New Zealanders owe almost $10 million in unpaid tolls and administration fees for travelling on the country's toll roads.
Critics of toll roads say this staggering sum shows they don't work, but the Transport Agency says it is happy with overall compliance rates.
According to figures released to RNZ, the Transport Agency sends out 1.1 million payment notices every year to the registered owners of vehicles reminding them to pay a toll which has remained unpaid for five days.
One person has received 722 such notices, each attracting a $4.90 administration fee on top of the toll.
Since the first toll road became operational in 2009, drivers have racked up a whopping $9,727,843 in unpaid tolls and administration fees.
Dog and Lemon Car Guide editor Clive Matthew-Wilson said the fact that millions of dollars in tolls were going unpaid did not surprise him.
Mr Matthew-Wilson said New Zealanders had an inherent dislike of toll roads.
"The basic assumption, and I don't think it is too far wrong, is that they already own the land. They already own the road. They already pay huge amounts in fuel taxes etc. for the right to drive down the road.
"Then they don't feel they should have to pay a toll for a road that they effectively already paid for."
Mr Matthew-Wilson wanted to know how much the Transport Agency was spending to collect tolls in the first place.
"Because, of course, the biggest objection to toll roads generally is the cost of collecting the money often, you know, approach the costs of building the road. And the point of a toll road is supposed to be that the users pay for the road that they are driving down."
Orewa toll road opponent Dr Hans Grueber had similar misgivings.
Dr Grueber believed the infrastructure and administrative costs of toll roads meant they did not achieve their goals.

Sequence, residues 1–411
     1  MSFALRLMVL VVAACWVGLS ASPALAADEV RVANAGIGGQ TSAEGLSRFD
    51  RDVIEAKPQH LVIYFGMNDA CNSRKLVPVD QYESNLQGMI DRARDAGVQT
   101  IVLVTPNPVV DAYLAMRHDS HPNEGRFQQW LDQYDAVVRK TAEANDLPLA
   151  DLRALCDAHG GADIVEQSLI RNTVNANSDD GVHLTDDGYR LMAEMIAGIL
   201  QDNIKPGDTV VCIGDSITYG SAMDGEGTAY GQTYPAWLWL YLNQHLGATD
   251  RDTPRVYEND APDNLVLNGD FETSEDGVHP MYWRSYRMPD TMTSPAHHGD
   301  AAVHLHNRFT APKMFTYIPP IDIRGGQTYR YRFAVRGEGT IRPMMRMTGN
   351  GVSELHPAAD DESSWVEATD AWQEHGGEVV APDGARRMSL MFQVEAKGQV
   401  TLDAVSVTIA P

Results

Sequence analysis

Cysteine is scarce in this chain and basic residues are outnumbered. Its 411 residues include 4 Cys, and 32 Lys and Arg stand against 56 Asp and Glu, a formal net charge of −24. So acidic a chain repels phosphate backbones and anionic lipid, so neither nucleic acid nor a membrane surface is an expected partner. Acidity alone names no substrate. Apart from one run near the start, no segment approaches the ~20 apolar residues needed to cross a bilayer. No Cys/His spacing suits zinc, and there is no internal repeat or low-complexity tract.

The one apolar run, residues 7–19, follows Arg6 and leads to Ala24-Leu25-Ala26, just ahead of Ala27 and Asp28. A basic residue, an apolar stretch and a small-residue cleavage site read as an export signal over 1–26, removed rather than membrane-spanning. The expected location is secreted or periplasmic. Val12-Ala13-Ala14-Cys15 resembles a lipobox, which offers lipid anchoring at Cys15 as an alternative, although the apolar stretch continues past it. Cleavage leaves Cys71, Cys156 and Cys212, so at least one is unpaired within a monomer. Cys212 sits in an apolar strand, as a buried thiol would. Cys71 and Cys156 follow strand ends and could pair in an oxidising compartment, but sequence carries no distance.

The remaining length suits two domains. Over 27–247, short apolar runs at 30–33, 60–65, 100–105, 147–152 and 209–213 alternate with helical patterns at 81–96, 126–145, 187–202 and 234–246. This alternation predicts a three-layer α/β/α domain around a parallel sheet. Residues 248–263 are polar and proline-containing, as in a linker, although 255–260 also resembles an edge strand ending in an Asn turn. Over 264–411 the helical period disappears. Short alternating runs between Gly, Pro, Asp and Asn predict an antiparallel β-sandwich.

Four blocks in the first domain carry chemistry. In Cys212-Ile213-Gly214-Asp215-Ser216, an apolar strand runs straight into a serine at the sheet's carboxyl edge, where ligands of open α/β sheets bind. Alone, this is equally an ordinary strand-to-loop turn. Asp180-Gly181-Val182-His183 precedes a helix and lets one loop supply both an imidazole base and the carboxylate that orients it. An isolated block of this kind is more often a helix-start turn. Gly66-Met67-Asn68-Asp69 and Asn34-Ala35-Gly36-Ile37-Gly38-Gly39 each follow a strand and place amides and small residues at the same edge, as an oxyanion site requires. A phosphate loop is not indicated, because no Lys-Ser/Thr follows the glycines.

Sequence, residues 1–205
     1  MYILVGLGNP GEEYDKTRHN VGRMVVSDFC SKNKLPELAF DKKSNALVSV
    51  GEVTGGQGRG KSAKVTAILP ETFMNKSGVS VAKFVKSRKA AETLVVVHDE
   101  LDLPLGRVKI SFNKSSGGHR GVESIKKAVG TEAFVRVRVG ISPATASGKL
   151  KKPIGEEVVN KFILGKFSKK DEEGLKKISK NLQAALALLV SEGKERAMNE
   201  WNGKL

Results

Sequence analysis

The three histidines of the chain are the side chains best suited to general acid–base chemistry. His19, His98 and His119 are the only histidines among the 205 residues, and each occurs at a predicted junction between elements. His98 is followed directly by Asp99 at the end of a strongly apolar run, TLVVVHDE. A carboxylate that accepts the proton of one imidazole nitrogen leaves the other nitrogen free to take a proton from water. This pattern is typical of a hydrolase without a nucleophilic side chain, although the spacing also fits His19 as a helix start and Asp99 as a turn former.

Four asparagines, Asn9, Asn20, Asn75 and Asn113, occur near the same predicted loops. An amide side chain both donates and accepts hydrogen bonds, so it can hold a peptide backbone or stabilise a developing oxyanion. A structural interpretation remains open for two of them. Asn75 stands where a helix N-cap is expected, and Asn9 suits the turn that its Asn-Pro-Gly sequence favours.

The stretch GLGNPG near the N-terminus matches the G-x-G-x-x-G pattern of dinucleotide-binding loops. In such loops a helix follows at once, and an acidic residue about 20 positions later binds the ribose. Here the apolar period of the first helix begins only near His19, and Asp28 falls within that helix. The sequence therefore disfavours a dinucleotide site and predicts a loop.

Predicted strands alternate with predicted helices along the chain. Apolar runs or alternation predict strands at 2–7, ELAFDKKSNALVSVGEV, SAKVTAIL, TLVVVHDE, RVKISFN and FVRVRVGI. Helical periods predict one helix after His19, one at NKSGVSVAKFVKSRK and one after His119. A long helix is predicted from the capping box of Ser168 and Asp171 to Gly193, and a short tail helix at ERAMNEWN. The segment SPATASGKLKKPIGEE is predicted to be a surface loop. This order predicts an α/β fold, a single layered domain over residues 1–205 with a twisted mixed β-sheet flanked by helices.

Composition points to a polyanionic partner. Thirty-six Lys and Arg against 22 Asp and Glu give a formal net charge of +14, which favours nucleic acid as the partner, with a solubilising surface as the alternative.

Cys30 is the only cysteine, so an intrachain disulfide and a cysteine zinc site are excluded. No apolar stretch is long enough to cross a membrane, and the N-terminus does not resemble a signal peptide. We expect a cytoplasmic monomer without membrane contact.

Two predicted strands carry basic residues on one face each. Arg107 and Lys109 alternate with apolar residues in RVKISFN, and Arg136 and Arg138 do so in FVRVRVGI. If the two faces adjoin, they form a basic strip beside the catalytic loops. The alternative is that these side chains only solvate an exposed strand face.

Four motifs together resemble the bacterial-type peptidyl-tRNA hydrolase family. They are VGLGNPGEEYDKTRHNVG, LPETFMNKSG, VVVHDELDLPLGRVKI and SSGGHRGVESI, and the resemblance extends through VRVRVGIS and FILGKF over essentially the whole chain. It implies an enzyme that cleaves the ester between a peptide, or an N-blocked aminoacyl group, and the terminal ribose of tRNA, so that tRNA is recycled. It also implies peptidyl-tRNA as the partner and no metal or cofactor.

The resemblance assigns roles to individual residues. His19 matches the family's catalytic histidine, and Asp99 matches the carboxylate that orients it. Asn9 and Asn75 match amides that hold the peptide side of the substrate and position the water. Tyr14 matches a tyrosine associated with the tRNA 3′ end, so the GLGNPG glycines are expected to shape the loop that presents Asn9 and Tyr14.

"In the end for every dollar you collect if you are lucky 60 cents goes towards the road and the rest ends up covering costs and which basically the toll operators pocket and make a profit out of this, of course."
Dr Grueber, whom the Transport Agency successfully pursued through the courts for unpaid tolls on the Northern Gateway, said there were better options for paying for roads.
"The regional fuel tax, 10 cents here in Auckland as you know. The collection is totally free. The petrol stations collect it for us. We just get the money. One dollar in, one dollar out which we can then put to whatever projects are there."
In the year ended January 2019 there were 15.5 million trips across New Zealand's three toll roads - the Northern Gateway north of Auckland, and the Eastern Link and Takitimu Drive in Tauranga.
The Transport Agency declined an interview, but in a statement a spokesperson said it wanted to make toll roads hassle-free.
"We provide multiple options to make it quick and easy to pay tolls in advance or within five days of a trip, in order to avoid incurring the extra fees of a toll payment notice. The vast majority of people using the toll roads pay on time or in advance - the overall compliance rate is around 97 percent."
The spokesperson said the Transport Agency now had about 265,000 account facilities set up to automatically pay tolls.
"Over 80 percent of trips are now paid for before people use the road - most through pre-paid accounts. Most of the remainder pay within the five working days allowed, either through our website, contact centre or at petrol stations."
After a toll has remained unpaid for 28 days a vehicle's owner is sent a warning advising the unpaid debt will be referred to a debt collection agency. After 60 days the debt recovery agency takes over attempts to have the toll paid.
But Dr Grueber said in his experience with the Transport Agency he doubted whether it was serious about recovering unpaid tolls.
"The irony is that in the end after I formally lost and had been ordered to pay $700 in court costs. I tried to contact them and said I wanted to clean the slate and asked how much toll do I owe? And they never came back to me. They never collected the toll they charged me over or tried to collect through the court process."
The Transport Agency did not answer questions about how much it spent collecting tolls.